Tarnue B. Kesselly was in the middle of a total re-evaluation of his college-worthiness. The 17-year-old New Yorker, now a high school senior, was sitting last month across a table from admissions consultant Edward T. Custard, showing him his transcript but mostly answering questions about his life outside the classroom proper.
To the high schooler, who calls himself a smart but often lazy student, the details of his life seemed ordinary: The Queens resident wakes up early. He spends three hours on the subway so he can attend the public Acorn Community High School in Brooklyn. He reads books for pleasure. He captains the debate club. Nothing special—certainly nothing that would impress anybody at one of the colleges he half-hoped, half-despaired of attending.
Mr. Custard had a different reaction: “College-admissions people are going to eat that stuff up.”
He should know. Mr. Custard has written or edited four college-admissions guidebooks, and spent about a decade and a half in the admissions field, including several years as the admissions director of the State University of New York College at Purchase. He now works as a senior admissions consultant for the Chester, N.Y.-based company CollegeMasters.
Tarnue B. Kesselly, 17, Senior, ACORN Community High School, Brooklyn.
During a four-day College Summit workshop, Mr. Kesselly answers questions from college-admissions consultant edward t. custard about his life in and out of school. —Christopher Capozziello for Education Week
But this afternoon, he was volunteering his time and skills, as he has for the past 10 summers, to College Summit, a nonprofit effort centered around the premise that there’s a sizable number of students who are “better than their numbers”: more capable of college academics than their test scores and grade point averages suggest.
“Debate is something colleges really recruit for,” Mr. Custard told Mr. Kesselly—an idea new to the student, who would be among the first in his family to attend college. “Colleges love to get students who are thirsty for knowledge like that.”
As the young man revealed the details of his life, his middling grades started to seem less like a definitively underwhelming summation of his college potential, and more like just a part of the high schooler’s personal story—a story in which admissions officers might see more promise than a mere transcript could disclose.
That’s where the application essay comes in—the one part of the written admissions package in which students can tell colleges something about themselves that’s not circumscribed by their academic records.
That’s also where the Washington-based College Summit’s modus operandi parts company with those of a gaggle of other organizations also devoted to increasing the proportion of disadvantaged high school students going to college.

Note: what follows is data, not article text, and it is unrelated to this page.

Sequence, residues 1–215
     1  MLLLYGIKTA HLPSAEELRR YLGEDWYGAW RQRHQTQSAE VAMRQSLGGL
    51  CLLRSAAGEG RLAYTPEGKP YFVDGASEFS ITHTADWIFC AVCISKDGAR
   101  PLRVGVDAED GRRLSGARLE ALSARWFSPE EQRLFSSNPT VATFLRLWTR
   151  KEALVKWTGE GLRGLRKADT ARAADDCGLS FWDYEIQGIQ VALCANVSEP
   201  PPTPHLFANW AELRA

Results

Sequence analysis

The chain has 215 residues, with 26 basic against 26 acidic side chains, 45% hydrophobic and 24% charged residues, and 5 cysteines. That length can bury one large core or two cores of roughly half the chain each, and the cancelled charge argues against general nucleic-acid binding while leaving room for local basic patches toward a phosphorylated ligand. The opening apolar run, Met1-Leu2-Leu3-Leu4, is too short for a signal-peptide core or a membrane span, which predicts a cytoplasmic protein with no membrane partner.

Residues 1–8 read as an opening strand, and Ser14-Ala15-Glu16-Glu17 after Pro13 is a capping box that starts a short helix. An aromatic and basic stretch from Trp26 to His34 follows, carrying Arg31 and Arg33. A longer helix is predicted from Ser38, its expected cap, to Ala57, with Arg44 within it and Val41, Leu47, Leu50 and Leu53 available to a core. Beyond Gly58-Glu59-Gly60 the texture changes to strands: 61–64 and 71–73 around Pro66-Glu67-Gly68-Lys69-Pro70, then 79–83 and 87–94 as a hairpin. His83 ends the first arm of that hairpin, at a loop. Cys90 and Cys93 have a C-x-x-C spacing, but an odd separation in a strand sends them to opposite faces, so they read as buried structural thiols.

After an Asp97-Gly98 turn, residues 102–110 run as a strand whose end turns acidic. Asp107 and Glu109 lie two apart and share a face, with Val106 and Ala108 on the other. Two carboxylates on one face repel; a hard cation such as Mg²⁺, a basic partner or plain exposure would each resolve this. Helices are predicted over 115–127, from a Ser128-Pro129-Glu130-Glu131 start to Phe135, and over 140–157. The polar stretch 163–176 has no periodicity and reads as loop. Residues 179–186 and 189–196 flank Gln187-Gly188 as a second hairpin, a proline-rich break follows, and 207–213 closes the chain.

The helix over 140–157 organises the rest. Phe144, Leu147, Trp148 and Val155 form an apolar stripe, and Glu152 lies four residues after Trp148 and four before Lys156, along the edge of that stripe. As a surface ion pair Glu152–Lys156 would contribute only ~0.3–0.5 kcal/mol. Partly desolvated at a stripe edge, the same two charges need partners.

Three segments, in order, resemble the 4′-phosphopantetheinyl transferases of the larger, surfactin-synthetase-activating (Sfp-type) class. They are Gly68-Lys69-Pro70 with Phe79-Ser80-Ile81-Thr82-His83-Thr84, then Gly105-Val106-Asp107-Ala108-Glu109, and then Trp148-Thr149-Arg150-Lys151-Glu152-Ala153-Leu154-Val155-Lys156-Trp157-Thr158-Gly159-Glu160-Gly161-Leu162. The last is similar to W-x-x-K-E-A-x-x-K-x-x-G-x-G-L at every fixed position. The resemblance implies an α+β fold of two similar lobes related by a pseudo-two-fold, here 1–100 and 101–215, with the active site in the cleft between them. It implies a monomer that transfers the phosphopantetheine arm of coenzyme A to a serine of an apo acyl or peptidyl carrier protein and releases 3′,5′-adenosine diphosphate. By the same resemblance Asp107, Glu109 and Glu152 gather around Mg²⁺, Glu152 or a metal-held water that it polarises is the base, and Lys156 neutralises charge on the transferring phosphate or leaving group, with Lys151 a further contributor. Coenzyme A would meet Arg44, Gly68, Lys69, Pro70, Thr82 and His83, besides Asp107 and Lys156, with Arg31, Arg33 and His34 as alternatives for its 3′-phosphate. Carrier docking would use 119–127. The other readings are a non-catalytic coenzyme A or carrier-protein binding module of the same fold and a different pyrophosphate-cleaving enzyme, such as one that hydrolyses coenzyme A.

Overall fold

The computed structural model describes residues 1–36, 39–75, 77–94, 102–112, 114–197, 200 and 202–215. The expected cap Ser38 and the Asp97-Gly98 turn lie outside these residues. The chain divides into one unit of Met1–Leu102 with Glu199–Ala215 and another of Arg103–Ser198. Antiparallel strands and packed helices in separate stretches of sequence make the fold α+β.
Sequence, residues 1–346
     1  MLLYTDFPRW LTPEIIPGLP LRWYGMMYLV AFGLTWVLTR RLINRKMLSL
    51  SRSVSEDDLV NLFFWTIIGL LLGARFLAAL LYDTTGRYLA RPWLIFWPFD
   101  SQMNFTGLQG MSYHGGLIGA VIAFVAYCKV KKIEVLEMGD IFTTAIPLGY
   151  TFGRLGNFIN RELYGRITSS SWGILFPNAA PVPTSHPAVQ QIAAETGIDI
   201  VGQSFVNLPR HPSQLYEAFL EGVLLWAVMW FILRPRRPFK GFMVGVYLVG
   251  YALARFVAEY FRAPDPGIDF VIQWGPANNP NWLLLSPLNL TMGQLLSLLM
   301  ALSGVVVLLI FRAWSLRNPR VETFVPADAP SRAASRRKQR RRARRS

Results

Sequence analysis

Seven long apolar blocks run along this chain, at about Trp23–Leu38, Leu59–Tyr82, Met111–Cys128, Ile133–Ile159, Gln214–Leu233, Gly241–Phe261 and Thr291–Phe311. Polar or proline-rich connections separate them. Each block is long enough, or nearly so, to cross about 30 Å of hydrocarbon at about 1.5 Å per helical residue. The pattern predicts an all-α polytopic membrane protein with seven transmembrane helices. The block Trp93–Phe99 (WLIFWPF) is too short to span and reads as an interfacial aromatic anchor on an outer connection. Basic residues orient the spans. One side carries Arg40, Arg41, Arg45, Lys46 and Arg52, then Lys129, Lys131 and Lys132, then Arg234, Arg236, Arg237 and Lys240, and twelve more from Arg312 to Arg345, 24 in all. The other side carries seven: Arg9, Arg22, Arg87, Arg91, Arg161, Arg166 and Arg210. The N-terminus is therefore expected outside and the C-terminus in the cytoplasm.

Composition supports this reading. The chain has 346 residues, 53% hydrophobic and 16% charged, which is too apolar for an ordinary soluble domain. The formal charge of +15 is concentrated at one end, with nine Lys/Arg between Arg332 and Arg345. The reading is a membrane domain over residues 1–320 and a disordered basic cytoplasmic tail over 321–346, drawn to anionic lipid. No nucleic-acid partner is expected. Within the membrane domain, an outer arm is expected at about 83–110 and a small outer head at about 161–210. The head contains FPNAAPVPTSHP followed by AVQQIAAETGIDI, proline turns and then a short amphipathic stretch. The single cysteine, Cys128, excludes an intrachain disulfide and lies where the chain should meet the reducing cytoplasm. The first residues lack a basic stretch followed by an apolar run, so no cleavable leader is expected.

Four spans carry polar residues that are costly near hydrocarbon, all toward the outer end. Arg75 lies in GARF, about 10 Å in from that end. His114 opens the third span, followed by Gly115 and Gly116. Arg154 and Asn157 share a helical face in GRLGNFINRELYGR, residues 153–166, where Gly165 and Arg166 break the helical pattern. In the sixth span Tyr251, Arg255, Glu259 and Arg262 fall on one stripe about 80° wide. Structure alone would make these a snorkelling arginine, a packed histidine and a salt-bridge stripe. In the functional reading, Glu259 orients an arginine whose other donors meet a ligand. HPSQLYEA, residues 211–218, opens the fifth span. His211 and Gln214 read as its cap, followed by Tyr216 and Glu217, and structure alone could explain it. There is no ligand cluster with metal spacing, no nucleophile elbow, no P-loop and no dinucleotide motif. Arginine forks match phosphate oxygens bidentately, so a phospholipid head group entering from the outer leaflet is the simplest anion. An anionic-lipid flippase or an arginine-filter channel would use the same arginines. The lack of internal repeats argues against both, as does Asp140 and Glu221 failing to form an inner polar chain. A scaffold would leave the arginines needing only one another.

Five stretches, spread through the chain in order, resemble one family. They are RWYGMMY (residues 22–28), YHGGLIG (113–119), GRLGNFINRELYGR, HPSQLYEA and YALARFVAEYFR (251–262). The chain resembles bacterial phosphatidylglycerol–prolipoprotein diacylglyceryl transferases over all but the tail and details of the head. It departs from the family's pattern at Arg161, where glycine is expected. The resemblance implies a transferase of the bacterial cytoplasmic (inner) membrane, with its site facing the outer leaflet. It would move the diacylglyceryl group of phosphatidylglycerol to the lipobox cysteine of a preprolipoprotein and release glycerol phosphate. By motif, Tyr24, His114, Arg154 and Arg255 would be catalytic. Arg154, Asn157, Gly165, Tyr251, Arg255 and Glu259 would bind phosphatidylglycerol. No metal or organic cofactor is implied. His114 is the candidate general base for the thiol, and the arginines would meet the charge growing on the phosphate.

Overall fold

Its intensive four-day summer sessions, such as the one Mr. Kesselly attended here on the campus of Yale University, are focused not on ramping up students’ academic performance—it’s too late, anyway, to substantially better the cumulative GPA of students who, like him, are already three-quarters done with high school.
Instead, hours are spent mining students’ personal histories to find stories or details that might explain why their grades aren’t so hot, but why they’d be great students once they get to college.
“Remember, it’s the admissions office, not the rejection office,” Mr. Custard told Mr. Kesselly. “They’re looking for ways to say yes to people who intrigue them because of the impression they make.”
At first blush, College Summit’s approach sounds almost counterintuitive: Raise the college-going rate by focusing not on academics, but on college-application essays and nuts and bolts. Ignore the students of glaringly obvious academic merit in favor of the jock or class clown who shows occasional glimmers of untapped potential.
It’s not the usual blueprint for an organization trying to boost college-going rates, conceded J.B. Schramm, the founder and chief executive officer of College Summit. But, then again, College Summit isn’t just trying to send individual students to college. It’s trying to foster what Mr. Schramm calls “a college-going culture” in entire schools—and it’s showing signs of success.
“The results we’ve been getting have been striking,” Mr. Schramm said.
Katherine M. Oquendo, 17, Senior, ACORN Community High School, Brooklyn.
The 55 students who got a taste of the ivy league at the workshop come from families that havefew or no members with college degrees. Ms. Oquendo hopes to study criminal justice. — Christopher Capozziello for Education Week
Over the past two school years, the only ones so far for which the program has collected cohort data, College Summit figures show that the program has increased the average college-going rate by 15 percent among the 170 high schools it works with, all of which predominantly serve students from low-income households.
According to College Summit calculations of National Center for Education Statistics numbers, the average annual increase in the college-going rate in U.S. high schools overall was 4 percent between 1972 and 2005—the latest year for which data are available from the NCES.
Over the past 15 years, College Summit summer workshops have trained more than 13,000 students to be vectors of college-going cultures at their schools. Even though the program works only with economically disadvantaged schools, and the average GPA of the workshop students has been just 2.9 on a 4.0 scale, the average proportion of workshop participants enrolling in college has been 79 percent since the program’s inception, according to College Summit. That’s significantly above the 52 percent national college-enrollment rate among low-income graduating seniors.